Since meat has been on the brain of late, had to get some in my tummy soon. Waffled btwn. Cafe Cruz and Ostrich Grill both in Capitola. Even though CC's online menu sounded more appealing to me, the mystique of Ostrich Grill was calling, and I wanted to do my houndly investigation and dish out the scoop. So here it is on a platter w/ no BS sauce and garnished w/ more details than you may have ever wanted...
Y and I found the OG tucked into a generic business complex, the kind w/ random doors where you go to see your chiropractor or therapist. Not the best associations to have before dining...After following the signs and winding up some stairs, we entered through their heavy wood doors. Upon entering, I immediately noticed the small angled bar area that was uncozily too close to the door. It seemed to violate several feng shui principles, and I couldn't imagine wanting to drape myself there. Since it was Wed. night, we knew that walking in wouldn't be a problem and were promptly greeted and seated by the hostess at a 4-top booth.
At first glance, I sensed that the proprietors were aiming for a swanky look to go along w/ their meat-heavy menu and martini bar. There were sleek, modern, and masculine touches in the fixtures and color scheme, and I was particularly fascinated by the large, hollowed out ostrich egg lighting fixtures that emitted a warm glow throughout the long dining room. Taken as a whole though, the decor seemed to exude an identity confusion (eg, why Native American portraits everywhere?!) and lack of style that unfortunately was echoed throughout the entire meal.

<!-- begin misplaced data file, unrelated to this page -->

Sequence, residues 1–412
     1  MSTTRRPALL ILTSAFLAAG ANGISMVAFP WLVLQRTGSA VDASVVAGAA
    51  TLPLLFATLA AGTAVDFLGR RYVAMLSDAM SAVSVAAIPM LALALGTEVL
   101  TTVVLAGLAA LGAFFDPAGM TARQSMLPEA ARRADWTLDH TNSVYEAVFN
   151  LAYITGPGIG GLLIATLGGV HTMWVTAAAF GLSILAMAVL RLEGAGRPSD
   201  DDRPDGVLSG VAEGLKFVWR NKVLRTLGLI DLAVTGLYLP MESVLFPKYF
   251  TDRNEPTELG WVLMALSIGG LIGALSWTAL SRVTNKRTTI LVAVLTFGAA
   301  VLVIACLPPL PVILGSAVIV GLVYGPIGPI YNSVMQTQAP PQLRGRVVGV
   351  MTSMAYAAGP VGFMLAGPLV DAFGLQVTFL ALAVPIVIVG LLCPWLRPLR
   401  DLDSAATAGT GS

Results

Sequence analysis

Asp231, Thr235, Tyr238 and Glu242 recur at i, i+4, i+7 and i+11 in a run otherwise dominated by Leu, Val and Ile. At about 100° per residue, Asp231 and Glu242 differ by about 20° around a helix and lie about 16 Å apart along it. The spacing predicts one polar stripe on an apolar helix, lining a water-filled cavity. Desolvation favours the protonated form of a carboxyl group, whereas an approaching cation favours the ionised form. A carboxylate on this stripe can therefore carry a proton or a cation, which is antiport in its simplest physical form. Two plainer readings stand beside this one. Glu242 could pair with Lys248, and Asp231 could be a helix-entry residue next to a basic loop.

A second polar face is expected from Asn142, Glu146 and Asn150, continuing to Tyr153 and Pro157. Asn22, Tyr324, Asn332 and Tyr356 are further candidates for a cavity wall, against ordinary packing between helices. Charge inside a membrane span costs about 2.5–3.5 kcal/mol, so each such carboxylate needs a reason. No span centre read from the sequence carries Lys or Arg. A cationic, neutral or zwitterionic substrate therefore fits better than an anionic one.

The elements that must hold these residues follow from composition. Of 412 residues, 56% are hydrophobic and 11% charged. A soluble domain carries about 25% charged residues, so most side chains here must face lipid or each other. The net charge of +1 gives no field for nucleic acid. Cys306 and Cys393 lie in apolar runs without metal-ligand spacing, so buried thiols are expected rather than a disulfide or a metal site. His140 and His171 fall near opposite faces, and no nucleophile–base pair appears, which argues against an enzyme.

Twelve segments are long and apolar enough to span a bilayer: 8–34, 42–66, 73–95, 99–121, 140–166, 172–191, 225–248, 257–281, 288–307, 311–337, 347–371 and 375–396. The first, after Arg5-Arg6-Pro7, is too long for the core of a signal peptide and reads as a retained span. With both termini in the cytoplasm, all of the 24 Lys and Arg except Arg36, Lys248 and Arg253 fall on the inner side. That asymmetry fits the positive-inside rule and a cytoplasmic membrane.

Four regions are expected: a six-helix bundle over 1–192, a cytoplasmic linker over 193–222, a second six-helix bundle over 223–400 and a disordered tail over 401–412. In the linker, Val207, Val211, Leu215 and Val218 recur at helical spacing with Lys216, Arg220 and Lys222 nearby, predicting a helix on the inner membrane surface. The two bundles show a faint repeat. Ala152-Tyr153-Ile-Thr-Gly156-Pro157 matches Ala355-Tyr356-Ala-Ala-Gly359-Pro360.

On to the food...OG's menu is not big but has enough offerings to please your average meat-loving crowd. I was happy to see that their online menu (see link) was nearly identical to what we were handed, and I would describe the cuisine as "New American." Prices aren't on their website--apps average around $10; salads range from $6-12; entrees are around $20; desserts are $6. The 3-course prix fixe is a good deal at $17.50. They had a special martini list w/ about 10 different concoctions. Wines by the glass weren't that exciting, but their bottles looked more interesting, enough to have them tout being a Wine Spectator Award recipient FWTW.
We were promptly given sliced baguette bread (probably from Gayle's down the street) and the usual EVOO w/ balsamic for dipping. Bread was lightly toasted and fresh. One small quibble was that it was sliced too thinly for maximum dipping pleasure.
What we ordered:
Ostrich pate w/ caper berries and crostini ($7): This proved an unfortunate way to start the meal; it was truly terrible. It was not silky smooth as I thought it might be, and the flavor was simply discordant--a cacophany of bitter, sour, sharp, muddy. Never having had ostrich liver before though, we weren't really sure what it was supposed to taste like. Regardless, this wasn't good.
This was the kind of dish where you end up eating half of it merely to decide if you even like it, if it's off, and what could be in it that's not working. I later asked the waitress if there was any cheese in it (adding to the sharp flavor). She returned from the kitchen and said "no, only ostrich and rabbit liver, that's it." Odd...why didn't they advertise it as having rabbit liver too? Why didn't they augment it w/ other things to improve the mouthfeel and cut through some of the strong liver flavor? The caper berries were good, but the crostini were very small, thin, holey whisps of bread. This appetizer was an execution disaster all around...let's move on now...